The note your ten-year-old writes you because she heard you crying in the bathtub.
“Mommy, we love you very much. Who wouldn’t?”
The way she comes in while you’re laying there in three inches of hot water; depleted, exhausted, alone, and how she tacks her little note onto the tile across from where you lay so you can see it.
“Mommy, we love you very much. Who wouldn’t?”
The way your skin feels right after the bath; smooth and velvety and warm.
The peace of being alone in the house because your husband has taken the children out for a bike ride, and how you sit on the porch with your summer skirt on and light up that cigarette. How glad you are that you saved this little bit of tobacco for a moment like this.
The big, tall, magnificent trees in your yard and the way they move in the wind. The sound of the wind.
The peace of being alone; everything is going to be alright, you tell yourself. You’re going to be alright.
Wondering if you could fall in love with your husband again. The possibility that the love you seek is right here, at home, with him.
The quiet beauty of your ramshackle home at the end of the road, a home with no one in it except you and the dog.
The way you leave the front door open for the wind. How you need the wind to keep you moving, especially now.
How after the cry, and the bath, and your late afternoon glass of wine, you feel capable again. Strong. Ready. Right. You can mother, you can love. You are standing.
How when your ten-year-old asks you what’s wrong and you say, “I’m just sad,” and she says, “about daddy?” and you say, “no, not exactly,” and how she asks if you’re mad at him, and you say “a little, but it’s not about daddy, it’s about me.” Then how she says that the two of you will talk about it later, and how you see in her eyes how excruciating it is for her to see you upset and to not understand what’s wrong.
And how impossible it would be to explain everything to her.
And the gratitude you have for her even though you wonder if this is okay for a young girl to comfort her mother like this, again, and again.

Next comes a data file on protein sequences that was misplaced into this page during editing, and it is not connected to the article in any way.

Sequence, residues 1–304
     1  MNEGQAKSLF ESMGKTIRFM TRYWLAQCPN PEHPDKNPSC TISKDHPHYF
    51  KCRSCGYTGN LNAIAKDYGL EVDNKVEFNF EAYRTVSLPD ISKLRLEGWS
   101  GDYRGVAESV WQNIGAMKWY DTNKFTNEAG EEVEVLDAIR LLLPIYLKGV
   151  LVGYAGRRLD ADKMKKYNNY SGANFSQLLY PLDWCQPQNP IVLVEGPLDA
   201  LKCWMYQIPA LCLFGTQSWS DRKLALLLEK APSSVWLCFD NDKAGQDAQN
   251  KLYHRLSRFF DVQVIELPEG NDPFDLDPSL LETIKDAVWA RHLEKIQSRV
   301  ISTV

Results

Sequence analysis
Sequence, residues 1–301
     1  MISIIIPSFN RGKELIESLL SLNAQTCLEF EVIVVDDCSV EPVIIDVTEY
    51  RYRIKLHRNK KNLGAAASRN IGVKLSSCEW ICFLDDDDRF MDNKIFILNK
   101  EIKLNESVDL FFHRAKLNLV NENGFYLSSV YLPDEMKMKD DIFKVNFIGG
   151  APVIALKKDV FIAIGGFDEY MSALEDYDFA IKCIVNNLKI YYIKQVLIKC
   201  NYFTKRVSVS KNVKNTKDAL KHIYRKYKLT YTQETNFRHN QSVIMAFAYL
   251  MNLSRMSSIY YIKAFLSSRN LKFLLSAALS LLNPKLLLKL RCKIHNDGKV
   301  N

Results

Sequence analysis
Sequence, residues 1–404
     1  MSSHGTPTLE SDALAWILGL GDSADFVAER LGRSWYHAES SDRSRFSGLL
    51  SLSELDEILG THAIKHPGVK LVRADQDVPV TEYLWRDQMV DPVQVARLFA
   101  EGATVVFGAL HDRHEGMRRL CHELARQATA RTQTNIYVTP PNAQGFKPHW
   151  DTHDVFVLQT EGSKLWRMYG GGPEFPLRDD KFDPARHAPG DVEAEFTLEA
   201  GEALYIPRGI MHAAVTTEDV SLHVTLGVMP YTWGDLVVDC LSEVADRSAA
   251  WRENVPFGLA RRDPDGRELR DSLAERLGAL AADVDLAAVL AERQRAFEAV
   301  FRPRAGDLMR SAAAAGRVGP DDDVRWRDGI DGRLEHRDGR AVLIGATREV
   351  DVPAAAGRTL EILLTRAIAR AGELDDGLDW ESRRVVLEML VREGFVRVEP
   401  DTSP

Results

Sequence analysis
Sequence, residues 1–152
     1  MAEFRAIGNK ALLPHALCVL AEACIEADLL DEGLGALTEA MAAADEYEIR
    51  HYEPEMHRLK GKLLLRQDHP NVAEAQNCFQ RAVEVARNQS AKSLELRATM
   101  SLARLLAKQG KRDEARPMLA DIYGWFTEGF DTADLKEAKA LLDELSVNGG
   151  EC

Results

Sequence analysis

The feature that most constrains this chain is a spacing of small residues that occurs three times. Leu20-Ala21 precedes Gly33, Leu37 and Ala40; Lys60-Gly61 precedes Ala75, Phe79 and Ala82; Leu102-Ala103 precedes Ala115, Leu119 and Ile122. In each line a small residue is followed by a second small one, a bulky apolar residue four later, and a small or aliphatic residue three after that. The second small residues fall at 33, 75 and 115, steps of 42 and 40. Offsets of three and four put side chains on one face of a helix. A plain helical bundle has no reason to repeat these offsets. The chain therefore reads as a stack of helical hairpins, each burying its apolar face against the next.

Because you don’t know.
But here you are standing, and you can love. And that’s all you know for sure right now.
beauty, laur. Especially, now.
thank you my love, thank you!
The last few months I’ve been wondering the same thing about my husband. We are dancing the dance of learning to be different enough to be out of our old shit and same enough to find the love that once was. It is intense.
This piece was beautiful. xoxo
Thank you so much Hannah. It is a dance. Though our marriage ended this year after 22 years of marriage and 25 years together, I think we danced the dance very well. I tell my friends that Mark and I did amazing things together in our 25 years – the divorce is just one of those things. We tried to let go of the form of our marriage – because like all forms, it wants to be organic, to be able to change and grow. At the same time, we tried to to keep the essence of our connection true – and I think that’s why we both left the marriage intact. So sweet to hear from you!
This piece is so beautiful. Heart-breaking and heart-mending all at once. I love how the writing of it is its own healing. How it clears the path. How, in some ways, it IS the path. How our stories are our path. I love you.
you’re right Trixie – the pain IS the path. And how often, how every time, that pain always feels in the way or the problem, or like some evidence that we are off the path entirely. Silly us. I love you.
so true and raw…you blow my mind with the way you see the world around you. love you xoxo
Oh baby! We’re all in the same boat. Different details, same boat. Love you!
I love what Maya said, Heart-breaking and heart-mending.
That is a good thing to remember in moments of despair and panic: I am standing and I can love. That is enough to know for sure.
That’s it, right? And this business of forgiving ourselves over and over and over and over. Our hearts are good – we do not mean to harm – but we will and we won’t mean to. Thank you for reading.
Laurie, this is so tender and beautiful and so painful. I kept thinking as I read it that I heard the ten year old girl within you crying….just as you were at the same time mothering your ten year old daughter. And you go right to the heart of the poignancy of the ending of a marriage as well as the respect and love you have for the man you married long ago. Katherine Hepburn said, about a marriage and divorce she had when she was young, ” We treat each other with the respect of two people who were once in a terrible automobile crash together and both survived.” But of course, there is much more, so many layers that have to be plumbed when keeping what is past intact, moving away from it, wanting to hold onto its securities and friendship but needing to grow and go forward. You are a master with words, such an inspiration even as you hurt and feel good at the same time.
wow – thank you. Getting your note gives me courage to move forward when all I want is to move backwards; to mother the kids all over again, to be young with my husband and make different choices than we made. But that is not possible. We are here. This is now and we move forward, trailing our story behind us. I love the Hepburn quote and I appreciate your reflection of who I am. Thank you! xxx